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Got Spots?! What To Do About Brown Spots and Patches

Are you noticing brown spots slowly appearing on your face or hands?  As you start to be out in this sunnier weather this spring, brown spots many start cropping up.  This is called hyperpigmentation, and is one of the most common skin conditions.  Hyperpigmentation is characterized by darkening areas of skin due to an increase in melanin (the natural substance that gives skin its color or pigment).

There are three main causes of hyperpigmentation.  The first is melasma, which is patchy brown discoloration that occurs on sun-exposed areas of the face and often occurs during pregnancy.  Women who are pregnant or women taking estrogen are prone to melasma.  The second is post-inflammatory hyperpigmentation.  This is caused from increased pigment production in areas of damage on the skin; such as acne that is healing, injury, or eczema.  Post-inflammatory hyperpigmentation is more common in people with darker skin tones.  The third is sun-damage which can cause brown spots, and commonly called age spots or liver spots.

Before I continue, I do want to emphasize to have a yearly skin and mole check with your doctor so they can determine if any of your spots might be cancerous.  If you notice unusual moles, ones that are darker, irregular around the edges, or ones that have changed, should be looked at by a professional.

Now back to hyperpigmentation…

The mainstay to keep hyperpigmentation under control is to use SUN PROTECTION.  Use a broad-spectrum SPF of 30 or greater daily to maximize the benefit of any skin-lightening product you decide to use.

There are a variety of topical skin lightening agents out there that will fade age spots and melasma.  With consistency and patience, these areas will fade over weeks to months.  Let me describe to you some of the common ingredients to look for.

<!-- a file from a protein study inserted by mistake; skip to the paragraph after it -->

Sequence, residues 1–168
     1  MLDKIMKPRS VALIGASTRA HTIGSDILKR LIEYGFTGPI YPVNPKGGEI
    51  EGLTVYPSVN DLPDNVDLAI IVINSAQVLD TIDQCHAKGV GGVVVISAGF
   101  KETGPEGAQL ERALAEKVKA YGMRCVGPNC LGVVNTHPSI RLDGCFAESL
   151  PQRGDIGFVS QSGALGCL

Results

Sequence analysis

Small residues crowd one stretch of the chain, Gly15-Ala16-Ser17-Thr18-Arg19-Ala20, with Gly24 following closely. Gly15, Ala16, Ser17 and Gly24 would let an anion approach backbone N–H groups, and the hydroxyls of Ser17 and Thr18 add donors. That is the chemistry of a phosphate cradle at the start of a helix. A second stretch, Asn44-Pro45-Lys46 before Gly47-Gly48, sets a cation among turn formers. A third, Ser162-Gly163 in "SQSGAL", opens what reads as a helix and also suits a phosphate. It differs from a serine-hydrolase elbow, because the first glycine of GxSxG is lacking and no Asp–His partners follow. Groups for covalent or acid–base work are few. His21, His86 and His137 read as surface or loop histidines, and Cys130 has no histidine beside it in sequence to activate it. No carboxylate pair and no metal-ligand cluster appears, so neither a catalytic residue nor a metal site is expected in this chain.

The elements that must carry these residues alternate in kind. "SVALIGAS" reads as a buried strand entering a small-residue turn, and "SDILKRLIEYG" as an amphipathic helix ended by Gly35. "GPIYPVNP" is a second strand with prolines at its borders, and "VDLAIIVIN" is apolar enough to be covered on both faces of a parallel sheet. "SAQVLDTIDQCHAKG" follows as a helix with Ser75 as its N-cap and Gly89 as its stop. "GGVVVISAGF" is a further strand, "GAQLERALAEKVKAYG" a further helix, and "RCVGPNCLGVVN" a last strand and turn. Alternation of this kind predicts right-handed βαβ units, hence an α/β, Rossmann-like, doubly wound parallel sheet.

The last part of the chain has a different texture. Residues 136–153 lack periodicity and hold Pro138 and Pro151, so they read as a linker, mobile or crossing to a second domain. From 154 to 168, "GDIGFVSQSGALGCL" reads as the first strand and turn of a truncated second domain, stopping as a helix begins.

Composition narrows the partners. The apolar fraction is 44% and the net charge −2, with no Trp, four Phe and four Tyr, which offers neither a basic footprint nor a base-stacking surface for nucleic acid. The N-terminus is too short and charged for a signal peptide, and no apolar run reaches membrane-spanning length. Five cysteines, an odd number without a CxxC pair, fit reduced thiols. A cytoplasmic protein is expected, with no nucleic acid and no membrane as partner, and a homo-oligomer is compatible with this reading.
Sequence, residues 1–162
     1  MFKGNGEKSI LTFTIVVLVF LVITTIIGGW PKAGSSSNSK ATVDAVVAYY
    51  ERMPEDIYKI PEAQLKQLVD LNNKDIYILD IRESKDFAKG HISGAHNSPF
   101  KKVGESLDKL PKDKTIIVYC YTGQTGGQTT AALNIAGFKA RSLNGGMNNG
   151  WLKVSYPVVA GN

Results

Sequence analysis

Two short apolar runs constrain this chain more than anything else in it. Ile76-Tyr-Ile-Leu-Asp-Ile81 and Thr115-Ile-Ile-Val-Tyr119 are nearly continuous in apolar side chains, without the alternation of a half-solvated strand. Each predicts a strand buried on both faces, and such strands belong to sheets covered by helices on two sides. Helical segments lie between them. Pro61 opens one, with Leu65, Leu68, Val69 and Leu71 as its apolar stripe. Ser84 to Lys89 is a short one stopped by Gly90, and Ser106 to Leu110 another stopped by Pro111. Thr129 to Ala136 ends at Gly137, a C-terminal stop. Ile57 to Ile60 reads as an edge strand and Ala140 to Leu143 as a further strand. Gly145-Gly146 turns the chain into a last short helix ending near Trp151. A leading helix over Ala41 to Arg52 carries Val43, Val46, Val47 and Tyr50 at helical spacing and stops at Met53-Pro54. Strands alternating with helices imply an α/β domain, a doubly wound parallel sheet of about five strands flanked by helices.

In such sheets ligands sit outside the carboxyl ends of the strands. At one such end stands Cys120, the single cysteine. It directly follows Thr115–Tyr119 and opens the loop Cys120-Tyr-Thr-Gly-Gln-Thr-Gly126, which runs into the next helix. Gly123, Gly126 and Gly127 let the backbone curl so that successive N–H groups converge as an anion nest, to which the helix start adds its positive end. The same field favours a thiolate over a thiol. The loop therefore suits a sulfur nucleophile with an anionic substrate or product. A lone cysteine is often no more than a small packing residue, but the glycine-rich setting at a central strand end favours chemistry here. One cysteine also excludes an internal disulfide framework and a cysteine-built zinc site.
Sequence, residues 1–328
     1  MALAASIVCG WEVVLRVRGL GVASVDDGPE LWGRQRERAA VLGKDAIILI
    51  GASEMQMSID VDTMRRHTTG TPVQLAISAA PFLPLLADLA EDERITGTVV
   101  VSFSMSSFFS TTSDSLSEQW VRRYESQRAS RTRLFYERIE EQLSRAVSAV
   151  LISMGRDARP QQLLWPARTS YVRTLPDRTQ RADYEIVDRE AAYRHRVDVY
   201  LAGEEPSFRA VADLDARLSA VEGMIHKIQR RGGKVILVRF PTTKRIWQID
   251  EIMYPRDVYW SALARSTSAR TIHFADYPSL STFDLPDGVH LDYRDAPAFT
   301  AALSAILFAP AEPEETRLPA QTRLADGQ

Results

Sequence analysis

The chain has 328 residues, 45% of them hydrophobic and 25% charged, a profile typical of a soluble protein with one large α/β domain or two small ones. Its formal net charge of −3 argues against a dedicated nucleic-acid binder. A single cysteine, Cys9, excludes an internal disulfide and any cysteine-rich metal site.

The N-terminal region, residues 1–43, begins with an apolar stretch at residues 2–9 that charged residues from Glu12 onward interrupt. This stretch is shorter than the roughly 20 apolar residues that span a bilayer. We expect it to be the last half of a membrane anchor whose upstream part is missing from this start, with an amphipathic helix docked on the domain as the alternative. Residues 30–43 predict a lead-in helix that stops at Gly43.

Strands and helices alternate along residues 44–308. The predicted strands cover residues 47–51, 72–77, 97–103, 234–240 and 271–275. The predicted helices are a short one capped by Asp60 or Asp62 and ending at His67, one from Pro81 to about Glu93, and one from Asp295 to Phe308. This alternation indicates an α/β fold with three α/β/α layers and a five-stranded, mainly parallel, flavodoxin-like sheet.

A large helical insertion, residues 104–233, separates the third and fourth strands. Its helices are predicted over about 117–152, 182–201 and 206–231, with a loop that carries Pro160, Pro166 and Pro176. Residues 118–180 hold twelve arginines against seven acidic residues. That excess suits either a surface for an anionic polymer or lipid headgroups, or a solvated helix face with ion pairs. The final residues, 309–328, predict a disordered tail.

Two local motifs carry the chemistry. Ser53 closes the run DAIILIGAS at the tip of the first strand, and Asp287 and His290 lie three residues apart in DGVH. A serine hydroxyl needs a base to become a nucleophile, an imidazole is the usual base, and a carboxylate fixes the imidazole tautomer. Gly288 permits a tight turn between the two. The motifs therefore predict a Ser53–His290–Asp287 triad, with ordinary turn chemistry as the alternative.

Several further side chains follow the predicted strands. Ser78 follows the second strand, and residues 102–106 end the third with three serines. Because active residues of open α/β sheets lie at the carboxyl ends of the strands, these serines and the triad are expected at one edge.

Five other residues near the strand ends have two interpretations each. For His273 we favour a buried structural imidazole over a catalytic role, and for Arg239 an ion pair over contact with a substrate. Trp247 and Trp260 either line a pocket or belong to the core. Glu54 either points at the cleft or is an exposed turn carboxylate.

Soy and Niacinimide are used in many cosmeceuticals for their skin lightening effects.  They work by preventing additional pigment from coming to the surface of the skin.  Ellagic Acid is a great antioxidant and works by inhibiting an enzyme needed for melanin production.  Lignin Peroxidase is a mild skin lightener found in over the counter products that is an enzyme that comes from a fungus that can break down melanin in the skin.  (This is actually how wood pulp is whitened for use in paper).  Kojic acid is another antioxidant derived from a fungus and works by breaking down melanin in the skin. Licorice extract is a mild skin lightener.

Hydroquinone is a prescription topical cream that slows down the pigment-making processes in the skin and is one of the strongest and most effective brightening agents we have.  At high concentrations, however, it can be irritating and toxic to the skin.  Doctors prescribe 4% but a 2% is also available.  It’s important to not use hydroquinone continuously and take a ‘holiday’ from it every 3 months to use other lightening agents.

Arbutin is a natural derivative of hydroquinone derived from plants.  This is typically found in combination with other skin-lightening agents and a nice alternative to hydroquinone.

There are a variety of products with their own unique combination of ingredients.  I suggest that you decide which you might the most effective and the least irritating.  If a product isn’t working or you feel its irritating your skin, look at the ingredients and switch it up!

There are some great medical procedures for hyperpigmentation as well.

IPL or Photofacial is a treatment with intense pulsed light and frequently recommended by doctors to treat hyperpigmentation.  Improperly administered IPL can make hyperpigmentation worse … so choose your doctor carefully.

IPL is my procedure of choice to treat hyperpigmentation, however there are other options.  Chemical peels such as a TCA, glycolic or phenol peel can also improve hyperpigmentation, as can CO2 laser.

After your melisma clears, you may want to stay on a mild form of maintenance therapy, continuing to use products that slow down the pigment making process.  And if nothing else, be sure to wear sunscreen daily.

Have a great week!


Dr. Jill

  • May 23, 2019
  • Category: blog
  • Comments: 0
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